In DarkFall, our clan always has a group going for anyone who is in our city. We do this because even if you are out harvesting or crafting in/around town, it’s much easier/faster to respond to a PK if people can see you on the mini-map because you are grouped, and they can see your HP drop from getting attacked.

      Even if someone is out harvesting, we tell them to bring a 1h+shield, and try to hold up the PKs as long as possible while help responds. Sometimes it works, other times the PKs kill the harvester/crafter too quickly and gets away, but that’s part of DarkFall.

      Less organized clans don’t do this, and so PKs know their cities are far easier to hit than ours. As this reputation spreads, we get less and less random PKs harassing us, and on the flip side we also get MORE organized groups rolling by looking for a fight. Both are bonuses we enjoy.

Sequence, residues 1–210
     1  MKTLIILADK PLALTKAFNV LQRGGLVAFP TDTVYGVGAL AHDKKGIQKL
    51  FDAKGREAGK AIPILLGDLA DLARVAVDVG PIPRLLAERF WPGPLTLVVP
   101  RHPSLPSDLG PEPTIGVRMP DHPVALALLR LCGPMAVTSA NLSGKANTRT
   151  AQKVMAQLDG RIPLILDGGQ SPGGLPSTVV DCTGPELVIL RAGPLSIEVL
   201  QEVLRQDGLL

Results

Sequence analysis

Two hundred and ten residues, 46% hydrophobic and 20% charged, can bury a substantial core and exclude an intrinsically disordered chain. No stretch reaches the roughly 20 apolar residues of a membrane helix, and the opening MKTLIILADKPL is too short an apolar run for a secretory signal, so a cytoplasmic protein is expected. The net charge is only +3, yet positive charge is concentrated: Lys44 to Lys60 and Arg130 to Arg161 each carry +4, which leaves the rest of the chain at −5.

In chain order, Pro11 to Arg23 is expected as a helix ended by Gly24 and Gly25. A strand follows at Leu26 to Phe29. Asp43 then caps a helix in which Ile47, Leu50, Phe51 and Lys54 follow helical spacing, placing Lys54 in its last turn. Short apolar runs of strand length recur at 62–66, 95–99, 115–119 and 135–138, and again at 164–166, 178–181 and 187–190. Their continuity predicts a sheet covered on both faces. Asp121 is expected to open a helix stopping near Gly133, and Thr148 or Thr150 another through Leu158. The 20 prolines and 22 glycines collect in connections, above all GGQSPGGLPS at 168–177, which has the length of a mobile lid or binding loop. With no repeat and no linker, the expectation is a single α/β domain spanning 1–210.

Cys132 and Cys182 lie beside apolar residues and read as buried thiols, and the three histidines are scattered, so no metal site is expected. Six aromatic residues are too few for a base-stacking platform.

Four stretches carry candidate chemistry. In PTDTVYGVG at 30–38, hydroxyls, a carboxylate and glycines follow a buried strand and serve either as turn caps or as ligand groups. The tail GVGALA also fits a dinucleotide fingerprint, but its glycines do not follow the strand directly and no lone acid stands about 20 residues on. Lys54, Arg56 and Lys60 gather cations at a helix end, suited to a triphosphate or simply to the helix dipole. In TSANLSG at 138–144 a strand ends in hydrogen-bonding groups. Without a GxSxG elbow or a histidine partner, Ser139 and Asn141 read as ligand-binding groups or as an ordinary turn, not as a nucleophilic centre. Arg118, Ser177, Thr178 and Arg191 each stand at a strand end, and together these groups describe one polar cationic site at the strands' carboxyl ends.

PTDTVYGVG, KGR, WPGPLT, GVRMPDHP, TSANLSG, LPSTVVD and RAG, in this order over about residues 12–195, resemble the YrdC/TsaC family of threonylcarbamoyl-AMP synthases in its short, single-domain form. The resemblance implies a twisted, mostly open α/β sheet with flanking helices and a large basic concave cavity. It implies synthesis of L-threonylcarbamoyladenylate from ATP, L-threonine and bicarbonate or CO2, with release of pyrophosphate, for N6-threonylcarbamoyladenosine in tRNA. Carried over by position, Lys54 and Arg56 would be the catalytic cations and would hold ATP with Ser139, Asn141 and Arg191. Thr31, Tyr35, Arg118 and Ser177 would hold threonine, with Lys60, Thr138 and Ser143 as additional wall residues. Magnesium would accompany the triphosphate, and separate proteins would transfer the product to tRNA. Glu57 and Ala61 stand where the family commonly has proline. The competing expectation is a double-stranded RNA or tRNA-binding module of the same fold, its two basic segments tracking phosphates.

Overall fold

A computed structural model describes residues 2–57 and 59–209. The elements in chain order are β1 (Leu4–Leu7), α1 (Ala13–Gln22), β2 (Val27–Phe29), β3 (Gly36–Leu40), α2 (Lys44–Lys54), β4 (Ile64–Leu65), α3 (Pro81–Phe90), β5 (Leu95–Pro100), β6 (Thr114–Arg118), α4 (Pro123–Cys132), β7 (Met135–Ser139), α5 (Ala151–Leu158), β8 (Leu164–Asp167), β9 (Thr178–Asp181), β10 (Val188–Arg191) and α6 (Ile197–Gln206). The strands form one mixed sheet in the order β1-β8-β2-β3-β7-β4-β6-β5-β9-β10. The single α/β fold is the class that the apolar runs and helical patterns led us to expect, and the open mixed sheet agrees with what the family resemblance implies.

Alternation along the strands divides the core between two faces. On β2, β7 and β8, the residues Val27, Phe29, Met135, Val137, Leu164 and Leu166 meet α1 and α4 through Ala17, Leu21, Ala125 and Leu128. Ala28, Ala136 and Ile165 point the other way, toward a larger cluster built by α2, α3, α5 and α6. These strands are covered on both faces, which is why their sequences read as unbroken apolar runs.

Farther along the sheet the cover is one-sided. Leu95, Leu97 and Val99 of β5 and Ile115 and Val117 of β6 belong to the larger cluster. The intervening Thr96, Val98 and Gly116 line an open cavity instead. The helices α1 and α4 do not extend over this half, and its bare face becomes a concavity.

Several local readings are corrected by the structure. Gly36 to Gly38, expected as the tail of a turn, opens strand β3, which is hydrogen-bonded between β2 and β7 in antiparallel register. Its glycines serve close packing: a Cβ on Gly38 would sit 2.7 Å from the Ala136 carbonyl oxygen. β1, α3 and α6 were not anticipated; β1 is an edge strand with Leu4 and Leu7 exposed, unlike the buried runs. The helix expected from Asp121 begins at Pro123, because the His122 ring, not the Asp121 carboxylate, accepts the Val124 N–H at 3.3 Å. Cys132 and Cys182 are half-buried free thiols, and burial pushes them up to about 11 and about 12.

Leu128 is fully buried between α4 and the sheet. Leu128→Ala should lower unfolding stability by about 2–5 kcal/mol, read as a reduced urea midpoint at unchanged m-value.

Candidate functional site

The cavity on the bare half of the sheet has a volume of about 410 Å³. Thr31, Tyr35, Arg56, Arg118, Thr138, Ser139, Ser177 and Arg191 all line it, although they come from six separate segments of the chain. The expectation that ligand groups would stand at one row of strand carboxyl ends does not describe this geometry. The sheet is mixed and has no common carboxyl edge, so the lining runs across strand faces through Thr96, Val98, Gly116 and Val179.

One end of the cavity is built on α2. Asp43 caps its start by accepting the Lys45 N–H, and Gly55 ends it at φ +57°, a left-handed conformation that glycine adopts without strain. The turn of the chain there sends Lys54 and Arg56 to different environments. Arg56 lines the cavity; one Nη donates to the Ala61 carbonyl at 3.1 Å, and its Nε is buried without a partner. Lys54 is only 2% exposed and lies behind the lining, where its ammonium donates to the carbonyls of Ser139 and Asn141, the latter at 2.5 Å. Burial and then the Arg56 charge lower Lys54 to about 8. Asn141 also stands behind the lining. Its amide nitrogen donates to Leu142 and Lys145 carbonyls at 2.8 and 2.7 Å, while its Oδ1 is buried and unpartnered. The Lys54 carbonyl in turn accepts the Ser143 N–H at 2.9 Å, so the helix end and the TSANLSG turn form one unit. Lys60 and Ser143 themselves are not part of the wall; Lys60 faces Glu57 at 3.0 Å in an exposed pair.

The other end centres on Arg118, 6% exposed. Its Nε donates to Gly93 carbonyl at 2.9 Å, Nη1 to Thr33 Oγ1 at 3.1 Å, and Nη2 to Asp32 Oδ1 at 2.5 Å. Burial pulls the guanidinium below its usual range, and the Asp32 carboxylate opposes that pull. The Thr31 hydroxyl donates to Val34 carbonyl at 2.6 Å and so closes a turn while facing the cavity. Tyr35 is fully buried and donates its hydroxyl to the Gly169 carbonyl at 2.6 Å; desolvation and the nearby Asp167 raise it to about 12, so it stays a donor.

15. Wyrm says:

    I believe that the extreme aversion to PvP on the part of some is sometimes due to an over-inflated ego and an unhealthy sense of entitlement. That is the only explanation I can devise for someone to go these lengths to avoid a gaming-death and perhaps the loss of some e-loot.

    It’s not the interference or any other of the lame excuses, no. It’s just people who can’t stand to be on the receiving end of anything. People who are too full of themselves that cannot handle defeat even if it’s just a game.

    So they prefer to play pure PvE games where the risk is minimal and their egoes are safe. That version of the PK’er Strawman that consists on the 12 year old ganking you for hours also is often evoked. That is the worse of it: a big shot real life successful dude getting ganked by a little kid who lol’s his ass off and calls the noob, noob. The bearz all gnash their teeths…

    These guys will never play any game where they can measure themselves against an oponent and actually lose something. It would be too much.

    • Dblade says:

      Uh, I’m bettting darkfall’s loss for the most part is pretty carebear. When you critical fail a synth and lose a 300k ingredient, that’s loss, and that’s what happens in PvE. When you spend about a million gil in meds going 1/10 on one single mission, or someone ninja lots on a relic that took 6 months to get, losing a set of cheap armor is minimal.